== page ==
In essence, several studies implicated the importance of cognitive-behavioral play therapy in the effective treatment of behavioral problems and enhancement of capabilities among children. Considering the prevalence of behavioral problems of street children, there is a need for early and effective intervention to prevent more problems and challenges in adulthood. Previous studies investigating the impact of cognitive-behavioral play therapy have not shed any light on externalizing behavior problems among street children. Therefore, this study was designed to evaluate the effectiveness of cognitive-behavioral play therapy on externalizing behavior problems among street and working children. 
2. Methods
The present study is an experimental one with a pre- and posttest control group design. The statistical population of the present study included all street and working girls in Kiana Sociocultural Group Center in the city of Karaj in 2016-2017. Those girls had been identified by social workers, and they were also studying, participating in educational programs, and receiving the relevant services. In order to observe the ethical considerations, the objectives and the steps of the present study were explained to the officials of the Center and written informed consent forms were also obtained. Then, Achenbach’s Teacher Report Form (TRF) for all girls aged 7-10 years were completed by teachers of 4 grades. All the teachers were holding bachelor’s degrees. The children had also attended for at least 6 months in the classes held by those teachers lasting 4 days a week and for 4 hours per day. The girls recruited for this study were living in the city of Karaj; they were involved in false jobs to support their families economically; they were endowed with normal intelligence quotients; and they had also obtained T-scores equal to 63 and above from the TRF. However, the girls whose parents, adopters, or employers did not give any consent for their participation in play therapy sessions as well as children affected with chronic physical illnesses (based on child’s medical records), substance abuse or disability (physical disabilities, blindness, deafness, etc.) were excluded from the present study.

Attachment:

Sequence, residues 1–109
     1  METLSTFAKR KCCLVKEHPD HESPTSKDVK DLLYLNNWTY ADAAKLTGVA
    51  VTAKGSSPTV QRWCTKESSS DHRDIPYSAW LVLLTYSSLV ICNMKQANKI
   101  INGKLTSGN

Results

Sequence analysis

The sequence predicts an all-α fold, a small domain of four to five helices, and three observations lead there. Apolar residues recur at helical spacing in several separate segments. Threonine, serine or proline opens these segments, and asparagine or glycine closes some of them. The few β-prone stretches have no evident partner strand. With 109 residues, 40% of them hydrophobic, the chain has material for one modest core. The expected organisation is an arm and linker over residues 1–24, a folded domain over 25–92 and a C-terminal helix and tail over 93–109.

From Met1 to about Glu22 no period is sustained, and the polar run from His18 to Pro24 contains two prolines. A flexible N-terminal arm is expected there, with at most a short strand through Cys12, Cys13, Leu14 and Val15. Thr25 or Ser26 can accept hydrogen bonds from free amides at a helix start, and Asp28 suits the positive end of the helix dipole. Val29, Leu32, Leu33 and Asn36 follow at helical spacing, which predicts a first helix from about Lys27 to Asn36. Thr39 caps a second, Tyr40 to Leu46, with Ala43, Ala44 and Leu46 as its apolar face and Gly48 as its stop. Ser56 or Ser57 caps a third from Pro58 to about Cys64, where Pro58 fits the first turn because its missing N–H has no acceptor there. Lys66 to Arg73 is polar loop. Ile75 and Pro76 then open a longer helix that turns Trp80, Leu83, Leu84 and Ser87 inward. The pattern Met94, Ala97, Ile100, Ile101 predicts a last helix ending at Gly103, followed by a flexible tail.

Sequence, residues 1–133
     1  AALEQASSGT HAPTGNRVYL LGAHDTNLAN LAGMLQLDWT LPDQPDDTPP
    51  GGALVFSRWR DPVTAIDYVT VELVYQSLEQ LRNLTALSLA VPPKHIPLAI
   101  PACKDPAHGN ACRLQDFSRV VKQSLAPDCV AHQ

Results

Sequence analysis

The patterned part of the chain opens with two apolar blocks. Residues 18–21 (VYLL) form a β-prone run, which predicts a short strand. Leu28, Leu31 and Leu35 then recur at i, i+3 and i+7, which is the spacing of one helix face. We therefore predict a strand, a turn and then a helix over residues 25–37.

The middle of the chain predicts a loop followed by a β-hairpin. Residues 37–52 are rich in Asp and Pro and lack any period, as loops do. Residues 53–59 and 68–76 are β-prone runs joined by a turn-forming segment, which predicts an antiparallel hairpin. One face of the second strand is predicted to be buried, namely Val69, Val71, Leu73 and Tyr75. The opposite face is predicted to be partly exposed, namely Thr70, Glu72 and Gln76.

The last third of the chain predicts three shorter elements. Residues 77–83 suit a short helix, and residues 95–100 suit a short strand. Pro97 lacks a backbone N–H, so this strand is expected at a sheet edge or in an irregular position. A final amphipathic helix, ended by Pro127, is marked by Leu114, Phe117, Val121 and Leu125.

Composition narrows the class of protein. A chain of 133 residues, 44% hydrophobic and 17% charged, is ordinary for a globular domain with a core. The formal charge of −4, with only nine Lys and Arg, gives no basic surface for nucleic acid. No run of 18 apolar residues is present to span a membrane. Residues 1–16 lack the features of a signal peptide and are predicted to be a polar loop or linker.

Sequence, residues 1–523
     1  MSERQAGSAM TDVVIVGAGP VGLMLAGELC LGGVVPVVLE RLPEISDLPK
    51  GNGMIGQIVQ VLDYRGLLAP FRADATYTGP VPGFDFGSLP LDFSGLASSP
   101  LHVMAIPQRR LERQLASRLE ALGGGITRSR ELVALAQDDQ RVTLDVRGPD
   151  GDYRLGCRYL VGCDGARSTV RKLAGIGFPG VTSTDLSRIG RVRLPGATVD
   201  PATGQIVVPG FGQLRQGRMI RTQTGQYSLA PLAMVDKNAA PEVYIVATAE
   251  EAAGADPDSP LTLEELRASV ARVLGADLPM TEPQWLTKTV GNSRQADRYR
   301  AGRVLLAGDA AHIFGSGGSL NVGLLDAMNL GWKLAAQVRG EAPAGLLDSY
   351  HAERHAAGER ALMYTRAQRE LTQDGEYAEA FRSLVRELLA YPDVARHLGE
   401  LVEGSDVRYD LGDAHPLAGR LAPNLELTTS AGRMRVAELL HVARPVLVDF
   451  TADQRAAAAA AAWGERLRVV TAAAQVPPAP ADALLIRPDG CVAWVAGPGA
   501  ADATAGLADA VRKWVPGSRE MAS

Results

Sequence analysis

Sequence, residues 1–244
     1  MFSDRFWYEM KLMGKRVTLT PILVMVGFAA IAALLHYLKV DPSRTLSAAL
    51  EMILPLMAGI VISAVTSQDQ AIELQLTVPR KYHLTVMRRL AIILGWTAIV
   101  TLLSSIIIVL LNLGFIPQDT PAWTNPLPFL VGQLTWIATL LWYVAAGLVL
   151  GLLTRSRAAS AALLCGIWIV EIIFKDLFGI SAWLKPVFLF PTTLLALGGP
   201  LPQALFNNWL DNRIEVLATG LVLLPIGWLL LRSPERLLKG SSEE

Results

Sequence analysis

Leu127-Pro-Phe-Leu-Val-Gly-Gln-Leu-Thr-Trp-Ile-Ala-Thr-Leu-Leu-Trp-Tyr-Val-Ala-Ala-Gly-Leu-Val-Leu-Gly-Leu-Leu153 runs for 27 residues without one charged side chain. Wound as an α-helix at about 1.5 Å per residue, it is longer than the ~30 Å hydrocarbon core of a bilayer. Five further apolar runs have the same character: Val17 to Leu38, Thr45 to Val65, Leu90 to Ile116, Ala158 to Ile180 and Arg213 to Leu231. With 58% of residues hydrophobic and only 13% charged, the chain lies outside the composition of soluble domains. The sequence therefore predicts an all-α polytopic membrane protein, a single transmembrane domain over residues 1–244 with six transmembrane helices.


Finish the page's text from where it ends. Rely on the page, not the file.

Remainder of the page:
In total, 40 children were randomly selected and placed in 2 groups of intervention and control (20 individuals in each group) based on the inclusion and exclusion criteria. The children in the intervention group were divided into 4 groups of 5 girls who participated in play therapy sessions. These sessions lasted over 6 weeks and 2 one-hour sessions per week in the playroom of the Center. In each session, 3 games were played with different objectives based on children’s age (7 to 10 years). The trial approved by the ethical committee and the ethical code was IR.USWR.REC.1395.209.
Research Instrument: To collect the data, the TRF was used as one of the forms in the Achenbach System of Empirically Based Assessment (ASEBA), which had been developed in 1987 by Achenbach and Mcgonany. The questionnaire measures emotional-behavioral problems as well as academic and social abilities, and competencies from the perspective of teachers of children aged 6-18 years. One section of this form is related to syndromes comprised of 113 major items and 8 sub-items on a 3-point scale (0=false; 1=somewhat or sometimes true; 2=completely or mostly true) measuring behavioral, emotional, and social problems in children. This section called the empirically-based measures is comprised of anxiety/depression, withdrawal/depression, and somatic complaints forming up internalizing behavior problems and law-breaking behavior, as well as aggression representing externalizing problems. In the present study, the internalizing problems through empirically-based measure were employed. The scores for internalizing behavior problems were also obtained by adding the scores for aggressive behavior scale and law-breaking one. Then, the raw scores were converted to T-scores and the clinical domains, boundaries, or norms of each child were determined by referring to the Iranian Social Norms Table based on age and gender.